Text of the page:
Hiroshige's most popular prints were produced in the tens of thousands at a low individual cost and due to the opening up of Japan after 1853 were popular both in Japan and Europe where they had a huge influence on the future Impressionist artists.[11][12] Whistler produced a number of prints and paintings using a bridge motif in London in the 1870s that were heavily influenced in their composition and subject by Hiroshige's many bridge prints. He used for example non-Western composition in the siting of the bridges, sometimes using no detailed foreground or background objects, scurrying undetailed people on the bridges, large area of negative space and the odd boat on the river.[12] The theme of scurrying people sheltering from the weather under umbrellas that is typical of One Hundred Views of Edo was an influence on Félix Buhot's Le Petit Enterrement and Hiroshige's high horizons, areas of blue wash and strong foreground imagery with lack of middle ground influenced Auguste-Louis Lepère's prints such as La Convalescente: Madame Lepère.[12]

Hiroshige's original woodblock print and Van Gogh's copy in oil

Vincent van Gogh was a major collector of Japanese prints,[13] decorating his studio with them. He was heavily influenced by these prints, particularly Hiroshige, and made copies of two of the One Hundred Famous Views of Edo, Plum Park in Kameido and this one. He made these copies in order to try out for himself elements he admired such as the cropped composition, blocks of colour with strong outlines and diagonal elements.[14] Van Gogh's painting used brighter colours with greater contrast than the original, conspicuous brushstrokes rather than areas of flat colour, and was also framed with a selection of Van Gogh's approximations to Japanese characters.[13][14]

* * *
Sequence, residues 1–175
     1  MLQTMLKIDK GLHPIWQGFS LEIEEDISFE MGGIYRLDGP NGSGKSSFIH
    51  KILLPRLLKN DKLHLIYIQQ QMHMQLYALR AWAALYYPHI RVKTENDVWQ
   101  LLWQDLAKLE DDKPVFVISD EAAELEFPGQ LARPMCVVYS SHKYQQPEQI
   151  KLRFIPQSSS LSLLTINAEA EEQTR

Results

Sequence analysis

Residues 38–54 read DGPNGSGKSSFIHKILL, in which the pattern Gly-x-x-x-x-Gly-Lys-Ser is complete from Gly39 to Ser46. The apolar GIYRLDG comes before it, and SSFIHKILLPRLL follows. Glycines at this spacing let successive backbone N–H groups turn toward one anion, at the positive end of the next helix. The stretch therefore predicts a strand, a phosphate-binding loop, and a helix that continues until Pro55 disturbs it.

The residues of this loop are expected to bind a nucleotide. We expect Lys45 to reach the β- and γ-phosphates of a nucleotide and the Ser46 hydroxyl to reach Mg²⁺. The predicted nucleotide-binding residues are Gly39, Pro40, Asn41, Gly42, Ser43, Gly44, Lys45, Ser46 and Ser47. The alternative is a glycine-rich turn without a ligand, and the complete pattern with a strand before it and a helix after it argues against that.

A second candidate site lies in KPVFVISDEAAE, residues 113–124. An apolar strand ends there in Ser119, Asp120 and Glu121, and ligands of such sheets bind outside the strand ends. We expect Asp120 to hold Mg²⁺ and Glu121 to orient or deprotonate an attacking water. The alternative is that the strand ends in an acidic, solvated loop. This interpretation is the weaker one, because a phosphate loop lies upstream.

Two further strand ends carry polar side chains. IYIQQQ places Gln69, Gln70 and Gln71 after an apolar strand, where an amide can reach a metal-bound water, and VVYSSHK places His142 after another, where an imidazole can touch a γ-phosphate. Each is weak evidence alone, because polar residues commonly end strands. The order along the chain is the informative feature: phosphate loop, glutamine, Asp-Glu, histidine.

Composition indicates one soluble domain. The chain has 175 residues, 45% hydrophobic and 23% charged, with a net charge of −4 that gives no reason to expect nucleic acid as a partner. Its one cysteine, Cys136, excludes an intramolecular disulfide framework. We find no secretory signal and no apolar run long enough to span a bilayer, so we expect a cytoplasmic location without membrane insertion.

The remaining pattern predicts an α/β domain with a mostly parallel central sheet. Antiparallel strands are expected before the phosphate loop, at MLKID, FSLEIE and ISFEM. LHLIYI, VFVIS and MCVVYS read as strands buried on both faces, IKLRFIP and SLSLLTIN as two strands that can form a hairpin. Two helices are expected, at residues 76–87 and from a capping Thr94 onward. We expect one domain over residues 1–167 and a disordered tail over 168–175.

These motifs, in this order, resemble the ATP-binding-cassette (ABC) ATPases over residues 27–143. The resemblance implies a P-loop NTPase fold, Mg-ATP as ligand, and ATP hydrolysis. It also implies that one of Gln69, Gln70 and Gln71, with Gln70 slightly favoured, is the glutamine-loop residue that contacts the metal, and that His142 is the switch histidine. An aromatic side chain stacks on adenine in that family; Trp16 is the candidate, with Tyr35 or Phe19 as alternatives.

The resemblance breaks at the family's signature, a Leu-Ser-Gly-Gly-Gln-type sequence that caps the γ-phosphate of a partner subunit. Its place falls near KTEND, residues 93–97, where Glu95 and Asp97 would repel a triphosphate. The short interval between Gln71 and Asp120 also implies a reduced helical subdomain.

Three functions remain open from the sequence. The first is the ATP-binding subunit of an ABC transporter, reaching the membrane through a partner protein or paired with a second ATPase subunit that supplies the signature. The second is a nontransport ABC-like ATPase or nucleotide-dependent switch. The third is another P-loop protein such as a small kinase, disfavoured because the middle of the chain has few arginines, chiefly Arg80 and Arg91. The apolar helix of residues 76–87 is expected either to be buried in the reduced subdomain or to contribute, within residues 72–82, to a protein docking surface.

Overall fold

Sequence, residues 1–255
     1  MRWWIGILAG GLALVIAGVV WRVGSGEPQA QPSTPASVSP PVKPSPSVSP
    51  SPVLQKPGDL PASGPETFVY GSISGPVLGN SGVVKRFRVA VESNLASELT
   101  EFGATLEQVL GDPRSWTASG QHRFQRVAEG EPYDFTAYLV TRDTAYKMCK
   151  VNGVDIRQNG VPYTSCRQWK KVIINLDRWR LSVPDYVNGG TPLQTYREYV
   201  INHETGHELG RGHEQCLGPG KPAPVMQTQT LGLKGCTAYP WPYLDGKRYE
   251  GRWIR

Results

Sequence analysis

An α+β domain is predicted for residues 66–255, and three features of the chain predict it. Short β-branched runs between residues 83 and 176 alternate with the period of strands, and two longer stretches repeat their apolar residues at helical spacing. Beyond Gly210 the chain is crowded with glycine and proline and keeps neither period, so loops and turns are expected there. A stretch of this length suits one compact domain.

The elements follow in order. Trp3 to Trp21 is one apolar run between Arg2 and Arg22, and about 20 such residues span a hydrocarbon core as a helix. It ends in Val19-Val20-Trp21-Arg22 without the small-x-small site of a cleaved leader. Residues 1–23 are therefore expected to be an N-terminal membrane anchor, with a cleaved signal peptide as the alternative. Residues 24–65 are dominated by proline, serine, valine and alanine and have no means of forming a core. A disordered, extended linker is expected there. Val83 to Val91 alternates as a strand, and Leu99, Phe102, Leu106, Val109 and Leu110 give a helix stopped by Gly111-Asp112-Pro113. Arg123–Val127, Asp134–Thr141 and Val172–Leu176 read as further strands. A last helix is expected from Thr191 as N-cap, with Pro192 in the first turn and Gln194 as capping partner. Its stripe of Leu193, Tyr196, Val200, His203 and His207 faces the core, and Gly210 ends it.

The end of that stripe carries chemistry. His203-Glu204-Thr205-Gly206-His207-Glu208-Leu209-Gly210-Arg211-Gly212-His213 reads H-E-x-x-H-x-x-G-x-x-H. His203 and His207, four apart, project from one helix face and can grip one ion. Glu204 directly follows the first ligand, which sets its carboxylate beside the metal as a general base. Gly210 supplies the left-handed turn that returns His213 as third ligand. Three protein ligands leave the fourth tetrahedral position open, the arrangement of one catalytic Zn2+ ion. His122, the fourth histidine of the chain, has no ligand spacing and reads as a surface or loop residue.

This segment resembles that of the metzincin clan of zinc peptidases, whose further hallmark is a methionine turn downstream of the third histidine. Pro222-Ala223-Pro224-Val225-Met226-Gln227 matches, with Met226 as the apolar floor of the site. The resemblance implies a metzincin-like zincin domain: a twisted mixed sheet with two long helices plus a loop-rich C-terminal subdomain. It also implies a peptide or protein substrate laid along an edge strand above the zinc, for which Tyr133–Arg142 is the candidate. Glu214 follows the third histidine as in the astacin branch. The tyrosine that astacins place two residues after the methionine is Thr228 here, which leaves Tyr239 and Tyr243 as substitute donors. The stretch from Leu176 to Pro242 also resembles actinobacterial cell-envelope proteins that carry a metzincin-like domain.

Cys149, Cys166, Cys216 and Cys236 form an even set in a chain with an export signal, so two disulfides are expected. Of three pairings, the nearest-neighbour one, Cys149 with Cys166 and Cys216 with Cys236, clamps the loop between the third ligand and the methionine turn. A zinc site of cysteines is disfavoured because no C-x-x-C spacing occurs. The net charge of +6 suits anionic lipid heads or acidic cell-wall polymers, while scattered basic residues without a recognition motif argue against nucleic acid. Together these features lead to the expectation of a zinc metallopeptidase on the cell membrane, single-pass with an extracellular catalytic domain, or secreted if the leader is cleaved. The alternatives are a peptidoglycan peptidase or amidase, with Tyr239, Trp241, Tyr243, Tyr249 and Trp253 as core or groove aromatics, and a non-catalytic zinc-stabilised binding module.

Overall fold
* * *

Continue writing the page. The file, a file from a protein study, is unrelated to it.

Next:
Hiroshige's print was listed by The Observer's art critic Laura Cumming as one of the 10 best skies in art.[15]

The composer Geoffrey Poole produced the work Crossing Ohashi Bridge for the Goldberg Ensemble and named after Hiroshige's print.[16]

References[edit]

  1. ^ a b c Sudden Shower Over Shin-Ohashi Bridge and Atake (Ohashi Atake no Yudachi), No. 58 from One Hundred Famous Views of Edo
  2. ^ a b c d Bicknell, Julian (1994). Hiroshige in Tokyo: The Floating World of Edo. London: New England Editions Limited. p. 118. ISBN 1-56640-803-2.
  3. ^ Brooklyn Museum - Research: Hiroshige's One Hundread Famous Views of Edo: Famous Places of Edo
  4. ^ Research: Hiroshige's One Hundread Famous Views of Edo: Famous Places of Edo
  5. ^ a b Sudden Shower over Shin-Ōhashi Bridge and Atake (Ōhashi Atake no yūdachi), from the series One Hundred Famous Views of Edo (Meisho Edo hyakkei)
  6. ^ Good News from Hiroshige: A New Interpretation of the Series “One Hundred Famous Views of Edo”
  7. ^ a b c 'Oshashi Bridge & Atake in a suden shower'
  8. ^ Ohashi bridge, evening shower in Atake
  9. ^ Japanese Language Blog - Hiroshige
  10. ^ Ukiyoe
  11. ^ Hiroshige: Master printmaker still making waves
  12. ^ a b c G.P. Weisberg; P.D. Cate; G. Needham; M. Eidelberg; W.R. Johnston. Japonisme - Japanese Influence on French Art 1854-1910. London: Cleveland Museum of Art, Walters Art Gallery, Robert G. Sawyers Publications. ISBN 0-910386-22-6.
  13. ^ a b Van Gogh and Japanese Art, Part 1 - The Bridge in the Rain (after Hiroshige) & Flowering Plum Tree (after Hiroshige)
  14. ^ a b Bridge in the Rain (after Hiroshige)
  15. ^ The 10 best... skies in art
  16. ^ [1]